Nearshore Habitat Eelgrass Monitoring
Seagrasses are flowering plants that grow underwater in marine environments. There are six seagrass species in Puget Sound and the Strait of Juan de Fuca. The most widespread are eelgrass (Zostera marina) and the non-native dwarf eelgrass (Zostera japonica). In addition, there are 3 species of surfgrass (Phyllospadix sp.), which grow on rocky substrates in the Strait of Juan de Fuca and the San Juan Islands. The sixth species, Ruppia maritima, is mostly limited to Padilla Bay.
Eelgrass and other seagrass species play a key role in the nearshore ecosystem. They provide food, shelter and nursery habitat for a wide range of organisms, ranging from small invertebrates to commercially important fish species and wading birds. Eelgrass also helps prevent erosion and maintain shoreline stability by anchoring seafloor sediment with its spreading roots and rhizomes.
Seagrasses are used as an indicator of estuary health throughout the world, because of their fast response to changes in water quality. Changes in the abundance or distribution of this resource are likely to reflect changes in environmental conditions. They are also likely to affect many other species that depend on seagrass habitat.
The Washington State Department of Natural Resources monitors the abundance and distribution of eelgrass (Zostera marina) in Greater Puget Sound as part of its stewardship work on state-owned aquatic lands. The results of DNR’s Submerged Vegetation Monitoring Program (SVMP) are used by the Puget Sound Partnership as one of 21 vital signs to track restoration progress (PSP 2014).
Summary Information on Eelgrass Monitoring
Based on 13 years of monitoring (2000-2013), the state Department of Natural Resources estimates that there are approximately 22,000 hectares of eelgrass in Greater Puget Sound. The total amount of eelgrass in Puget Sound has remained relatively stable since the start of the monitoring program. Current conditions have not yet met the Puget Sound Partnership’s target for a 20% increase in eelgrass area by 2020 (soundwide eelgrass area).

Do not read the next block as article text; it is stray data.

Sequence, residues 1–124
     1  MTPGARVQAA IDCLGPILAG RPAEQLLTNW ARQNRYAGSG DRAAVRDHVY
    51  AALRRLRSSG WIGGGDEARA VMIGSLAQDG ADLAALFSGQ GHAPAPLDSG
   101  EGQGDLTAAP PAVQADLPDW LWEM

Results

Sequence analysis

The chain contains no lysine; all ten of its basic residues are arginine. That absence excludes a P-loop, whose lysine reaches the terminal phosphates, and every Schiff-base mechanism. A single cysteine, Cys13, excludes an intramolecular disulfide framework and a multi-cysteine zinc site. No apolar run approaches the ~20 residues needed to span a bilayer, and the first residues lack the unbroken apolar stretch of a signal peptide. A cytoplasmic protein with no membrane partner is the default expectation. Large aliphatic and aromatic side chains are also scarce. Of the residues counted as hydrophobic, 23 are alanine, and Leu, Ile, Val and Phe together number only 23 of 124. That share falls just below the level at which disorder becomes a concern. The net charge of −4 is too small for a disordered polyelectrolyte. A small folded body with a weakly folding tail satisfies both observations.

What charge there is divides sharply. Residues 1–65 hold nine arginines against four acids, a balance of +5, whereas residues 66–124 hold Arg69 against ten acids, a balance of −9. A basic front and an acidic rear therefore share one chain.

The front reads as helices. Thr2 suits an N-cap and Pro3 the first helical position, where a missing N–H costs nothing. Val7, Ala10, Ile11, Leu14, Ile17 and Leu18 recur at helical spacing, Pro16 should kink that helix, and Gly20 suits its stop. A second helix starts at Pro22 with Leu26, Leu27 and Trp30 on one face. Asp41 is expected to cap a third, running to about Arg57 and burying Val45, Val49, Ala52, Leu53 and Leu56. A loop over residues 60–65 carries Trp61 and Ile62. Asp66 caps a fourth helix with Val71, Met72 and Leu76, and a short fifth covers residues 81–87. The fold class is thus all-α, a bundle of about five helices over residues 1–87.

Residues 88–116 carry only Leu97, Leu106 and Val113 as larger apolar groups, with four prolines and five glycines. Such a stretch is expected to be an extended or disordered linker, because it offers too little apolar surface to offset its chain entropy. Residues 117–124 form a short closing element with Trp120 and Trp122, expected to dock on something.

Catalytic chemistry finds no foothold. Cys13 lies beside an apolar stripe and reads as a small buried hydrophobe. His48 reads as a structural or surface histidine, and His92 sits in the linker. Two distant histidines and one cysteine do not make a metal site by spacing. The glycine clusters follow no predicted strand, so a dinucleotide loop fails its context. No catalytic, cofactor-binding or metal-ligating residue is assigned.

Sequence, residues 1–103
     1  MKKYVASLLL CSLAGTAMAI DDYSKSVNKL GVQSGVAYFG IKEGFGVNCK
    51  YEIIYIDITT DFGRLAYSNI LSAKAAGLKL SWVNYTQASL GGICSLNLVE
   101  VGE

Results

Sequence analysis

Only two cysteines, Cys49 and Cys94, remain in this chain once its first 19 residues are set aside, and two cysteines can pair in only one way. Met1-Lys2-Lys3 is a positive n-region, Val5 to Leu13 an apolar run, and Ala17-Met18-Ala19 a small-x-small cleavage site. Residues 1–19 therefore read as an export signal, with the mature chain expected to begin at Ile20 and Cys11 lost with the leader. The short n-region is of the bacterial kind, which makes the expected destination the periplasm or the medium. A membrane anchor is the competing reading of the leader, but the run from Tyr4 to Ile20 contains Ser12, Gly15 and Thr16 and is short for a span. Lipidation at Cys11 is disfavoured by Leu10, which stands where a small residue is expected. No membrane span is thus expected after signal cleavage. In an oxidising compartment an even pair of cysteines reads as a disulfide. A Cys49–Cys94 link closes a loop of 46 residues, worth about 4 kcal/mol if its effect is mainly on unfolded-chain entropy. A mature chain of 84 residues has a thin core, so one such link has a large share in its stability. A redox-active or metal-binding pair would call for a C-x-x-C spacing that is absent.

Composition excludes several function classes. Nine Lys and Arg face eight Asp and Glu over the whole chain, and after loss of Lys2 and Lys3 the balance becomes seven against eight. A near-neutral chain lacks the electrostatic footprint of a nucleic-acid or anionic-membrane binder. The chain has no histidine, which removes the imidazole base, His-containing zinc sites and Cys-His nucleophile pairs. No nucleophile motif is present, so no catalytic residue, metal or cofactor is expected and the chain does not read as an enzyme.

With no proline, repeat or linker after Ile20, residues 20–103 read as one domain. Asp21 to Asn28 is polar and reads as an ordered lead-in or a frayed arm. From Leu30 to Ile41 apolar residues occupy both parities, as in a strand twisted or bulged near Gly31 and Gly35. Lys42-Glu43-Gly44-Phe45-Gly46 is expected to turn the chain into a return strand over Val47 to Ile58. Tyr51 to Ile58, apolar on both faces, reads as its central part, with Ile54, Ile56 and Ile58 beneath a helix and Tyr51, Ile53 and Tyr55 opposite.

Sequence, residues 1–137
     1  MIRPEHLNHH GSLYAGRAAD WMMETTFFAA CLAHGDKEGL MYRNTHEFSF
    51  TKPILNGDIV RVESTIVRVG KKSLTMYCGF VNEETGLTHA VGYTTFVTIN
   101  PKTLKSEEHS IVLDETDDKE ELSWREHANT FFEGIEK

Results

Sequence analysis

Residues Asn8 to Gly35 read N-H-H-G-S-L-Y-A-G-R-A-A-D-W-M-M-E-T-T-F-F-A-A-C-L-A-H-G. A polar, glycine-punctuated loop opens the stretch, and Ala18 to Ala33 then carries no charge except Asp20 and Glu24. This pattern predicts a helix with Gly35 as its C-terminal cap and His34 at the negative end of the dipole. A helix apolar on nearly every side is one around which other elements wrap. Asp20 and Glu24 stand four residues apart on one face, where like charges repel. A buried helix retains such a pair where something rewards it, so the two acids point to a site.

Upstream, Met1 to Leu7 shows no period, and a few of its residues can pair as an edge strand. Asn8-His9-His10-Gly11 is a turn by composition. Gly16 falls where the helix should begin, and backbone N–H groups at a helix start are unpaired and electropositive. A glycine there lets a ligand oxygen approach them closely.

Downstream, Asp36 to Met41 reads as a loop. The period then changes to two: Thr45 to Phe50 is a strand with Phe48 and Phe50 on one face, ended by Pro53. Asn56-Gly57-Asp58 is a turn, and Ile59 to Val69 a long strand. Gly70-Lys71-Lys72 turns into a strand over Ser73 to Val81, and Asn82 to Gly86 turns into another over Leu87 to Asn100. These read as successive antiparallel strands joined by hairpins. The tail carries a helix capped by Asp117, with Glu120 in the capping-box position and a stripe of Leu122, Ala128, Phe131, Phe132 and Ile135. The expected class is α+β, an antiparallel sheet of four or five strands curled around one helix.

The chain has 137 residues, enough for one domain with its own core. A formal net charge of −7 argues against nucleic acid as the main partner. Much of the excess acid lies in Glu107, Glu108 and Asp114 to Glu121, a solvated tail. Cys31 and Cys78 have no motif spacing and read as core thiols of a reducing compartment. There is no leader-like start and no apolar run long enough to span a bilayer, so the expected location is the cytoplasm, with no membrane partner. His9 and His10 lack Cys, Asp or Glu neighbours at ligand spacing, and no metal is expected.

A significant amount of eelgrass grows on tidal flats. One example is Padilla Bay, which contains approximately 15% of all seagrass growing in Puget Sound. About half of all seagrass in Puget Sound occurs in narrow fringing beds along steeper shorelines. These fringing beds can be corridors for migrating salmon and other wildlife.
In Puget Sound the maximum depth to which eelgrass grows can be as shallow as 1 m below the low tide line (MLLW) to greater than 10 m deep. Much of the eelgrass in Puget Sound is subtidal; half the sites sampled for this monitoring program have eelgrass extending to depths greater than 3 m below the low tide line (maximum depth of eelgrass in Puget Sound).